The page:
These series of posts explain containers and the ways you can implement them in Azure and in your on-premises datacenter.

When this concept was introduced on the Microsoft world, it was somehow difficult to me, to understand the all concept and how I will use it. So, my propose here is to easy the path and explain how containers works and the ways you can implement them in Azure and in your on-premises datacenter. The goal is to facilitate the path to deploy clusters of containerized workloads by using Azure Container Services (ACS).

Azure Service Fabric offers an innovative way to design and provision applications by dividing them into small, independently operating components called microservices. Containers and microservices are complementary technologies. By combining them, you can further increase the density of your workloads, optimize resource usage, and minimize cost.

What is Containers?

On a very simplistic way, containers are the next stage in virtualizing computing resources. Hardware virtualization freed people to a large extent from the constraints imposed by physical hardware. It enabled running multiple isolated instances of operating systems concurrently on the same physical hardware. Container-based virtualization virtualizes the operating system, allowing you to run multiple applications within the same operating system instance while maintaining isolation. Containers within a virtual machine provide functionality similar to that of virtual machines on a physical server. To better understand this analogy, this topic compares virtual machines with containers.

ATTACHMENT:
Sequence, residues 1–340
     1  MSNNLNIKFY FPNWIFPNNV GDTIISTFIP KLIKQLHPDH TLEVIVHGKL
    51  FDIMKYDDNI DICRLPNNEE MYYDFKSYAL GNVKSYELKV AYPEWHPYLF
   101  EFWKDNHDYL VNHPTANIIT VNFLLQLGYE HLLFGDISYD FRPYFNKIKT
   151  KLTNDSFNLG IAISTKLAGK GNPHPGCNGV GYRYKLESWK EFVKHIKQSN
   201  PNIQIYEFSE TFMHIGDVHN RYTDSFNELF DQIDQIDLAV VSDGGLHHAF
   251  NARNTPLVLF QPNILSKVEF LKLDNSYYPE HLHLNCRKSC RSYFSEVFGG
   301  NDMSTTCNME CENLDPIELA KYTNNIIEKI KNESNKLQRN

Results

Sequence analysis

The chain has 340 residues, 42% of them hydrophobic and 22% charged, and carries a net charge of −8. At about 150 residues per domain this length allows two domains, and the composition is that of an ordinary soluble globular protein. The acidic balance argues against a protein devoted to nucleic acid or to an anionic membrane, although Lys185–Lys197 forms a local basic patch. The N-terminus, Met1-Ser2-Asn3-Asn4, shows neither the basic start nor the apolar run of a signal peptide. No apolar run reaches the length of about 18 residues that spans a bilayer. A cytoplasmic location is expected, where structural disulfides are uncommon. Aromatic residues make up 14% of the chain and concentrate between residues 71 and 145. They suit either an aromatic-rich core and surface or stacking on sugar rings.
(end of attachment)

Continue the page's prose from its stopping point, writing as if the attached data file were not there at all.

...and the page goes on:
The following table lists the high-level differences between virtual machines and containers.

Feature Virtual machines Containers
Isolation mechanism Built in to the hypervisor Relies on operating system support.
Required amount of memory Includes operating system and app requirements Includes containerized apps requirements only.
Startup time Includes operating system boot, start of services, apps, and app dependencies Includes only start of apps and app dependencies. The operating system is already running.
Portability Portable, but the image is larger because it includes the operating system More portable, because the image includes only apps and their dependencies.
Image automation Depends on the operating system and apps Based on the Docker registry (for Docker images).

To better understand the difference between Virtual Machines and Containers, I highly suggest reading the following article, refer to Virtual Machines and Containers in Azure

Compared with virtual machines, containers offer several benefits, including:

  • Increased speed with which you can develop and share application code.
  • An improved testing lifecycle for applications.
  • An improved deployment process for applications.
  • The increased density of your workloads, resulting in improved resource utilization.

The most popular containerization technology is available from Docker. Docker uses Linux built-in support for containers. Windows Server 2016 includes a container feature that deliver equivalent functionality in the Windows Server operating system.

Azure Container Service

ACS allows you to administer clusters of multiple Docker hosts running containerized apps. ACS manages the provisioning of cloud infrastructure components, including Azure virtual machines and virtual machine scale sets, Azure storage, virtual networks, and load balancers. Additionally, it provides the management and scaling of containerized apps to tens of thousands of containers via integration with the following two orchestration engines: